The arguments over the national language of the Philippines in a country with hundreds of languages and their dialects and the diverse ethnic groups has always been an ongoing issue since the time when we gained our independence and when Filipino nationalists were trying to make an independent government.

There was the fight over which language should be the lingua frenca of the Philippines and the top two languages was Tagalog and Bisayan. Of course we know how history played out and today Tagalog is the national language, hidden behind the term Pilipino of course, to try to give a more nationalistic feel.

Now, many non-Tagalogs resent the fact Tagalog was choosen as the basis for the national language. You see it taught in schools along with English where those who are not Tagalog often know and speak 3 languages, their native language, Tagalog, and English.

There is also the also the issues of being Tagalog-centric, where everything is focused on Tagalog. There are also issues where those who speak their native tongue for example Kapampangan, are made fun of or told to stop speaking it and speak Tagalog.

Since the adoption of Tagalog as the national language it has been a constant issue and factor in the delay and progress of truly unifying the people and country based on the fact that its imposing the language of a dominant group over a nation of diverse ethnic groups and languages.

Then, what should be the national language?

A while ago an Indonesian friend of mine brought this conversation up and how Bahasa Indonesian, or Indonesian, was developed. Note the language didn’t really exist until the 20th century, where nationalists, just like the nationalists in the Philippines, resented colonial rule and wanted to unify the country in a nationalistic cause. Choosing a national language however with over 13,000 islands and 300 languages, which is far greater than the Philippines, someone would think it would be difficult. However the nationalistic movement in Indonesia choosed wisely and choosed a language that was present in Indonesia as well as the rest of maritime Southeast Asia, including the Philippines. They choosed the Malay language, or Bahasa Melayu, the lingua franca of maritime Southeast Asia prior to the colonizations of the Southeast Asian region.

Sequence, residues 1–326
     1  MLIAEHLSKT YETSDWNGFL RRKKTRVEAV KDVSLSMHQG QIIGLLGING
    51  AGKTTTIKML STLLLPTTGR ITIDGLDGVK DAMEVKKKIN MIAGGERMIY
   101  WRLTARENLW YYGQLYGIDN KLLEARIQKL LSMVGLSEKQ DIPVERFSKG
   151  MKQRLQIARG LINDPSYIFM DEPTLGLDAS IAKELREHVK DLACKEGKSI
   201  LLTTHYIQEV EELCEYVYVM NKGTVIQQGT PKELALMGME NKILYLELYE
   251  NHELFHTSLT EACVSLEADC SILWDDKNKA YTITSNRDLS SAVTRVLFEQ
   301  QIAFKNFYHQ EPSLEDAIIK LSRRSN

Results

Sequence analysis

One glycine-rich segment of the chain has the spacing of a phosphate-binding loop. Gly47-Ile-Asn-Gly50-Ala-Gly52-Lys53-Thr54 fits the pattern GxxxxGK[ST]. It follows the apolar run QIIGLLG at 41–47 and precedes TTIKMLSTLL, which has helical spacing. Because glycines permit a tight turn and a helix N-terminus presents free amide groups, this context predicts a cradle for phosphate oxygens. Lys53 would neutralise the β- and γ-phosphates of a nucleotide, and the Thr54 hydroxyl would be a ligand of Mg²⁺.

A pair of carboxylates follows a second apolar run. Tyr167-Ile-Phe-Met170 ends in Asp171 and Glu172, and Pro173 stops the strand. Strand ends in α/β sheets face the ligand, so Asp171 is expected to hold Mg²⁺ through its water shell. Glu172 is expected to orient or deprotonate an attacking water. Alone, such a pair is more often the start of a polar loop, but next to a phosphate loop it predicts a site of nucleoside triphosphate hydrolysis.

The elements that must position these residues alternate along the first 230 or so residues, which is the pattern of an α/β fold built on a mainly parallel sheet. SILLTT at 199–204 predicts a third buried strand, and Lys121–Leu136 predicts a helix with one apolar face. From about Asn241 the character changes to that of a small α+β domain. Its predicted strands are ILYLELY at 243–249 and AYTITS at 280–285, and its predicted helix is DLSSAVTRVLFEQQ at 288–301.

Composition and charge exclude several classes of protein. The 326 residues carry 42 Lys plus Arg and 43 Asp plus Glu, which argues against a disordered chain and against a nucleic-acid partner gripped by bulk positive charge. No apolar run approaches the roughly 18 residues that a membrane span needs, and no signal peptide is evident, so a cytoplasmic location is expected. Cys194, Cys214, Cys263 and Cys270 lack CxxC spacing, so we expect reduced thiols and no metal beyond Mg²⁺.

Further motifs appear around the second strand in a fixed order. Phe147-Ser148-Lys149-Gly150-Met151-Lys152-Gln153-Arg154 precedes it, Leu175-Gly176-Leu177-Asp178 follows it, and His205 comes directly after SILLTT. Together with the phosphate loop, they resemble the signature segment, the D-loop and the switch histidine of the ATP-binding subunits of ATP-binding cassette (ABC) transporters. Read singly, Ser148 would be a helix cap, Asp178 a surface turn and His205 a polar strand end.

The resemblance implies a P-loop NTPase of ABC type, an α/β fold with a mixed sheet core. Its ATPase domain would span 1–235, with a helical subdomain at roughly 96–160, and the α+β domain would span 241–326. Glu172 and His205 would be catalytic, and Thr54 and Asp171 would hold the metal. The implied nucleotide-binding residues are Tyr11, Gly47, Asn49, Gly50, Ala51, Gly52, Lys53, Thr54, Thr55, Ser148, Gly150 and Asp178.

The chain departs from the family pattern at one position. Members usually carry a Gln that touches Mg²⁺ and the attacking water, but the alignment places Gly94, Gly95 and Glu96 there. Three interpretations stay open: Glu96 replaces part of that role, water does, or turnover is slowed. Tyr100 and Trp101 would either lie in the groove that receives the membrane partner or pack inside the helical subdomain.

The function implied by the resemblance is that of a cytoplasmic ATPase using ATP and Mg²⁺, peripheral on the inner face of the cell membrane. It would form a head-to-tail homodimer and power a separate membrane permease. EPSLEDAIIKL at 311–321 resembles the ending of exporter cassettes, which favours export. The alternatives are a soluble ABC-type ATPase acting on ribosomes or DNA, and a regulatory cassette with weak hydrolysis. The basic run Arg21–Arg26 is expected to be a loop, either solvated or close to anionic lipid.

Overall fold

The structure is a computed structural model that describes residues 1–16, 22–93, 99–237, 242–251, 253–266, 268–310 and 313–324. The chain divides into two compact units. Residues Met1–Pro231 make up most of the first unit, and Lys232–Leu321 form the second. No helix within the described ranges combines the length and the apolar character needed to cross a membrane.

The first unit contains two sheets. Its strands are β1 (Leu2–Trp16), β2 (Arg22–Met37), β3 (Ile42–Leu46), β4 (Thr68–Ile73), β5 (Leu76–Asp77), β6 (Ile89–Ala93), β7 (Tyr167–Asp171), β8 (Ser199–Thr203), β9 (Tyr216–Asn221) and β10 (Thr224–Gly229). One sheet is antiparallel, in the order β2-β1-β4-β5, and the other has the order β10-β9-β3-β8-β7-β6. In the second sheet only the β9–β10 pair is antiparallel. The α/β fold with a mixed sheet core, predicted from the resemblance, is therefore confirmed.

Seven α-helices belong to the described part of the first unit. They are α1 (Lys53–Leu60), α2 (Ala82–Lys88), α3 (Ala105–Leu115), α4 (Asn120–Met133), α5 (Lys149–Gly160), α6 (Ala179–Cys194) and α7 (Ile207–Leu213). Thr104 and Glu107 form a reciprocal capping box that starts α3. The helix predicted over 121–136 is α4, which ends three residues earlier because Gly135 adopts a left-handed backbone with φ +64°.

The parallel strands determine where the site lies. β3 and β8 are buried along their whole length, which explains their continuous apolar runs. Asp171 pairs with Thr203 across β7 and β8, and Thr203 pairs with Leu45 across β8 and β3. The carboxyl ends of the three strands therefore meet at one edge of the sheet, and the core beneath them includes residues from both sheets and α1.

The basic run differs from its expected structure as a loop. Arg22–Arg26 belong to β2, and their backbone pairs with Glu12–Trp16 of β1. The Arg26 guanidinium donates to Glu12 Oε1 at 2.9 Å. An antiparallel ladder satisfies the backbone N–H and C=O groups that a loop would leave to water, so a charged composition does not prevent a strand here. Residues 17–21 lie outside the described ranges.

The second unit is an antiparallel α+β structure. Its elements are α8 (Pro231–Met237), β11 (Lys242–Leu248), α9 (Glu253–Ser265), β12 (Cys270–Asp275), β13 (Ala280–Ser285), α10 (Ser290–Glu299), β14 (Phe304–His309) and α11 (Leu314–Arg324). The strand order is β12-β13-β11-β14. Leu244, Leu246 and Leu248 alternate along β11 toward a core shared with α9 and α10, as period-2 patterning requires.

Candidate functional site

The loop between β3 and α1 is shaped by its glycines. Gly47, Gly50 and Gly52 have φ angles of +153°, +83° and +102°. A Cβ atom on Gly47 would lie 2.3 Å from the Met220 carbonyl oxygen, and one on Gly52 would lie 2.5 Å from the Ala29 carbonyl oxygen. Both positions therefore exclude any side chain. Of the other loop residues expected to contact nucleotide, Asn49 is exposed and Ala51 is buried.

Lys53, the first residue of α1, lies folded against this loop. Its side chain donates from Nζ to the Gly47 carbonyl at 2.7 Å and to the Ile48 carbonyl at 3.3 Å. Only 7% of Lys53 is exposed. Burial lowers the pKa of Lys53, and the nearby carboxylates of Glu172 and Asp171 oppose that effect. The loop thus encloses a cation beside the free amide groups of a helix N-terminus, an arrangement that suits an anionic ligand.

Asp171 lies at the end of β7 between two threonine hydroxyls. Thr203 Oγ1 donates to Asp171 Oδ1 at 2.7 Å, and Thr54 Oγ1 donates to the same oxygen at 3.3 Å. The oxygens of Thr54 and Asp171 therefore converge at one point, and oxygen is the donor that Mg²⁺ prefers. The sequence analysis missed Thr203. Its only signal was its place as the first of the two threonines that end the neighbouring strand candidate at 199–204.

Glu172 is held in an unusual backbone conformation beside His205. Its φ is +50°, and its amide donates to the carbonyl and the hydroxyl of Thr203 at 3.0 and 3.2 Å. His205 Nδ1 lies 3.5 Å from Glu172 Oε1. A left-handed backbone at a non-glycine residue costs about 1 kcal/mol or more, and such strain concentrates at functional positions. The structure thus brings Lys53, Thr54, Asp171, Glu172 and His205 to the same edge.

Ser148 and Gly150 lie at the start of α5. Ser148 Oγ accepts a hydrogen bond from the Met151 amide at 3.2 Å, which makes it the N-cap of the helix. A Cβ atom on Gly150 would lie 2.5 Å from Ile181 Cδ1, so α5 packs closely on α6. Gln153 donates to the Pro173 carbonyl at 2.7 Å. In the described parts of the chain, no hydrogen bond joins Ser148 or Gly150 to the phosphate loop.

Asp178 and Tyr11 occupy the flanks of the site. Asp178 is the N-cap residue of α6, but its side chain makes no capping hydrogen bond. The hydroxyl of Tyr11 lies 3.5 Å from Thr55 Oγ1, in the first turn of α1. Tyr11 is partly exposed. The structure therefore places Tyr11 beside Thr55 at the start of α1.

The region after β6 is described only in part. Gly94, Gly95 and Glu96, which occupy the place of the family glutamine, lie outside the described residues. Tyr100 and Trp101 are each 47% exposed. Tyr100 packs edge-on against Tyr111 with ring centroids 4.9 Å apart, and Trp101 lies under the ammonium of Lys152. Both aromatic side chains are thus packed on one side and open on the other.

The language is the official language of Malaysia, Indonesia, Brunei, and Singapore, and is also spoken in parts of Thailand, Cambodia, and Vietnam and Timor-Leste. Of course Bahasa Indonesia differs a bit from say Bahasa Malaysia, through influences from Dutch, Portuguese, and native languages in Indonesia, however it follows the standard Malay language.

So what does this have to do with the Philippines?

Well the Malay language was present and spoken in many areas of the Philippines, and today is also spoken and understood by some groups in Southern Mindanao which they also use as a lingua franca among them. Historically the Malay language has always been the main language used among maritime Southeast Asia and parts of mainland Southeast Asia, where it is the dominant language for trade and business.